With my family, I visited the Museum of Photographic Arts in person.
Before entering, and upon initial arrival, I thought I would like the “Illusion: The Magic of Motion” exhibit the most, because I thought I’d be predisposed to do so since I’m a bit of a lover of movies and movie history and also because I’m aiming to be an animator. Moving pictures, I thought would be what would mainly catch my interest. I was wrong, however. The “Beginnings, Forever: From the Kiyosato Museum of Photographic Arts — Shinnyo-en Collection” turned out to be my favorite of the available exhibits. I believe this was due to the wide array of subjects in the pictures. The theme changed often and really held my attention. Additionally, to me, this exhibit was more artistic in feeling. It didn’t seem like a scientific or historical exhibit, like the motion exhibit. I did enjoy the motion exhibit, particularly the pictures that appeared to almost be taken in slow motion and that were undoubtedly taken with a very fast shutter speed. However, to me, it just did read like another science or history exhibit.
Within “Beginnings, Forever,” admittedly, one of my favorite pictures was “Declared Detachment: Maid” by Mariya Kozhanova. This wasn’t so much due to the artistic choices made by the photographer, although I do adore the relatively simple color scheme that made the picture and its standard portrait framing feel like a classical portrait even with the unusual subject. This wound up being among my favorite of the pictures due to the subject, actually, as a maid is usually not what I expect to see pictured in a gallery. It was quite a playful and welcome surprise. One of my other favorite pictures from this exhibit and museum was “Misao the Big Mama and Fukumaru the Cat” by Miyoko Ihara. Once again, I was lured in by the subject and my own personal bias since I also have a cat and the pictured woman resembles my recently passed grandma. Regardless, this picture also stood out to me due to its bright and cheerful colors, which were well complimented by the color of the wall this picture was hung on. The picture very obviously meant to be happy and show a cute and a little funny moment, and the color palette perfectly captured this. Additionally, the simpleness of the composition and angle of the camera made the shot feel more candid and allowed more focus to be on the tone and subjects of the picture.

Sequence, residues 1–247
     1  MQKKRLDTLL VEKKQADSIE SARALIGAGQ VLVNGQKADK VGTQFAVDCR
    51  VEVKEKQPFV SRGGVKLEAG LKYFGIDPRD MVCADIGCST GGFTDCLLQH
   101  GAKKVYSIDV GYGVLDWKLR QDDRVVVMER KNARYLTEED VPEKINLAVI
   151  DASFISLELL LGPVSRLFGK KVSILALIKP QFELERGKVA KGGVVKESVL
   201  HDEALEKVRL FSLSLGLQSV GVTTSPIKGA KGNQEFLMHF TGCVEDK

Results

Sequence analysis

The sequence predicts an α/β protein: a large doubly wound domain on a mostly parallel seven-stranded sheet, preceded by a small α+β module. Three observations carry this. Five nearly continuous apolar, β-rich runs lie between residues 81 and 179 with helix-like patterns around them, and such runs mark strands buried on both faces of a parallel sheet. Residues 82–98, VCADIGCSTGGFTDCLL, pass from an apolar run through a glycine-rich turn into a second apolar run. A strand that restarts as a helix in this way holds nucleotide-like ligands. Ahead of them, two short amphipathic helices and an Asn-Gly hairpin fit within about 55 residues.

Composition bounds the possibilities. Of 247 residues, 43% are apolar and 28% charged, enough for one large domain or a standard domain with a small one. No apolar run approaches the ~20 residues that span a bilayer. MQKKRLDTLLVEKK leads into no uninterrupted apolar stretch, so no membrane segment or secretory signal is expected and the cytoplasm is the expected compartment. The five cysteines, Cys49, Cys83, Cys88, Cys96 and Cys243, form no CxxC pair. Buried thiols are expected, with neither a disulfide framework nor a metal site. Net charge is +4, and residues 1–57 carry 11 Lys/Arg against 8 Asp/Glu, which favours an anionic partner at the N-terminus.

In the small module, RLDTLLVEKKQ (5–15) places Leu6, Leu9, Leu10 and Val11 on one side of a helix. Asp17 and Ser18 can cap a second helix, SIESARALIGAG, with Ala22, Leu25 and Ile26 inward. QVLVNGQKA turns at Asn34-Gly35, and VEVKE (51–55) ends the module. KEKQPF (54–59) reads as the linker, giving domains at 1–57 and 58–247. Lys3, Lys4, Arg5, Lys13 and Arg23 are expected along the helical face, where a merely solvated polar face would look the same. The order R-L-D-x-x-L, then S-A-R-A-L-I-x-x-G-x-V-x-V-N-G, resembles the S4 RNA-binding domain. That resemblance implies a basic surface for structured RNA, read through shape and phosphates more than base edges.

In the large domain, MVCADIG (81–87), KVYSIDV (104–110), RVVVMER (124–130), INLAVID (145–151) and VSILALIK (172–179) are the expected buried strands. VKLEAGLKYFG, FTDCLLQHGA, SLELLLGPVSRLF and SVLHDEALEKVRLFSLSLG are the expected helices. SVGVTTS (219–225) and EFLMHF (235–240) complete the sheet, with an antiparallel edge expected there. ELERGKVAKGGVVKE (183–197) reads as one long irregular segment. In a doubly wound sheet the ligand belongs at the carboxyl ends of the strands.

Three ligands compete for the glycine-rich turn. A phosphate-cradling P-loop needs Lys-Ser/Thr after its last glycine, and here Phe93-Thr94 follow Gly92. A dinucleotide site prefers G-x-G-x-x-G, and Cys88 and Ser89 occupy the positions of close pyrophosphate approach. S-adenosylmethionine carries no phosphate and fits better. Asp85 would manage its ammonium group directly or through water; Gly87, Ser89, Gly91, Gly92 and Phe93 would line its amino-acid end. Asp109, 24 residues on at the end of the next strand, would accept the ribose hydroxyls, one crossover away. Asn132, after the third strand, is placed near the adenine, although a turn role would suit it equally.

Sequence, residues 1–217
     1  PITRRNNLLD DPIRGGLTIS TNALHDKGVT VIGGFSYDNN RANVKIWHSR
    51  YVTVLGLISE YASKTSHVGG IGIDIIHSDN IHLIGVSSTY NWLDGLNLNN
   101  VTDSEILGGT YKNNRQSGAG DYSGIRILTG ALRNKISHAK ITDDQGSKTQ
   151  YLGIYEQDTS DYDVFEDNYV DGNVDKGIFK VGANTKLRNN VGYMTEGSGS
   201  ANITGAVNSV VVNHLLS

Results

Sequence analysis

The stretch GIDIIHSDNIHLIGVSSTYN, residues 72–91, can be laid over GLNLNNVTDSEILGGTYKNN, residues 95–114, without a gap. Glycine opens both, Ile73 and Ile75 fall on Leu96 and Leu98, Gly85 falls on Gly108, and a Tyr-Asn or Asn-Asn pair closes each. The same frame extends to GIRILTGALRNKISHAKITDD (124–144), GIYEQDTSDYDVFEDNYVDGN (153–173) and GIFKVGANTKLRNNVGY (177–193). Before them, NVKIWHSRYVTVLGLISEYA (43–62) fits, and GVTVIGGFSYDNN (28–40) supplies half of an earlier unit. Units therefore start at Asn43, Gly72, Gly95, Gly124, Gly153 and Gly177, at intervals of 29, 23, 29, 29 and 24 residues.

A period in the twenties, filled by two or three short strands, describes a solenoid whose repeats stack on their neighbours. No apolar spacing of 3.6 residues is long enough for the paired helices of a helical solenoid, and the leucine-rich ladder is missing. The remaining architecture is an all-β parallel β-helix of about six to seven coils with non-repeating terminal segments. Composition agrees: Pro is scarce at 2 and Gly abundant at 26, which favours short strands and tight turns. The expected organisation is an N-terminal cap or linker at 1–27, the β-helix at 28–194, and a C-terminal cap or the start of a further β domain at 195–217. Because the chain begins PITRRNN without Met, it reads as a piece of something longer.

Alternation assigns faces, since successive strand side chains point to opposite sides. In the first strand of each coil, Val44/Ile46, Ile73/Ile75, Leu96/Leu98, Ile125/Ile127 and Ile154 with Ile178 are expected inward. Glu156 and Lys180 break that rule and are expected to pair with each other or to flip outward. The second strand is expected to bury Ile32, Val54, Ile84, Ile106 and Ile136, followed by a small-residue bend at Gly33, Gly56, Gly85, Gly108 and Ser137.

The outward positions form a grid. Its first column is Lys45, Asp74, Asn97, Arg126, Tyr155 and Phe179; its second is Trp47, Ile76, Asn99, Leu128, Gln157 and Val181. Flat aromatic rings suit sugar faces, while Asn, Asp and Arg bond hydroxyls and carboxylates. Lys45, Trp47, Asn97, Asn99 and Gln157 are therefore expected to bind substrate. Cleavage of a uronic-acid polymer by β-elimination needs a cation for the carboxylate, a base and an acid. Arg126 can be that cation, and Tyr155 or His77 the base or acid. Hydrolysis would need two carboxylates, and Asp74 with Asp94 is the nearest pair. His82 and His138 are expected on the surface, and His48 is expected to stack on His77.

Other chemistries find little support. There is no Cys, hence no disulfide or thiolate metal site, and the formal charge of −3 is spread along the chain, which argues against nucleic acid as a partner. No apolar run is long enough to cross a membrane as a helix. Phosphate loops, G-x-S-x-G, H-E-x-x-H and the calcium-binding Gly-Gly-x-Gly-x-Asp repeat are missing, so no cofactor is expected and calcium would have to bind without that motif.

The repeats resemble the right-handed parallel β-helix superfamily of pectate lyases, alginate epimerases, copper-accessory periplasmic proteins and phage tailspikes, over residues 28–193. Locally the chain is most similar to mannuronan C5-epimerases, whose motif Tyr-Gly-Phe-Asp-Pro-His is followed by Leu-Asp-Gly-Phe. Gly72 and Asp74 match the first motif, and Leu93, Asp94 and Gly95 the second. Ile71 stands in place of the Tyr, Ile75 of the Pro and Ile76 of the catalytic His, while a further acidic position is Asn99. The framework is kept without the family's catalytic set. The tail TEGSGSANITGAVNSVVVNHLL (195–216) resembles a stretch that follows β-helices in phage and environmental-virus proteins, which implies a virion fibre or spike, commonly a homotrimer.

These two pictures and artists, I think, were the most motivational to me out of all in the museum. The angles of the pictures didn’t need to be overly complex to make them interesting and engaging, the other aspects of the shots like the color palettes took center stage because of this and were massively effective.
Making a small cameo courtesy of a family member…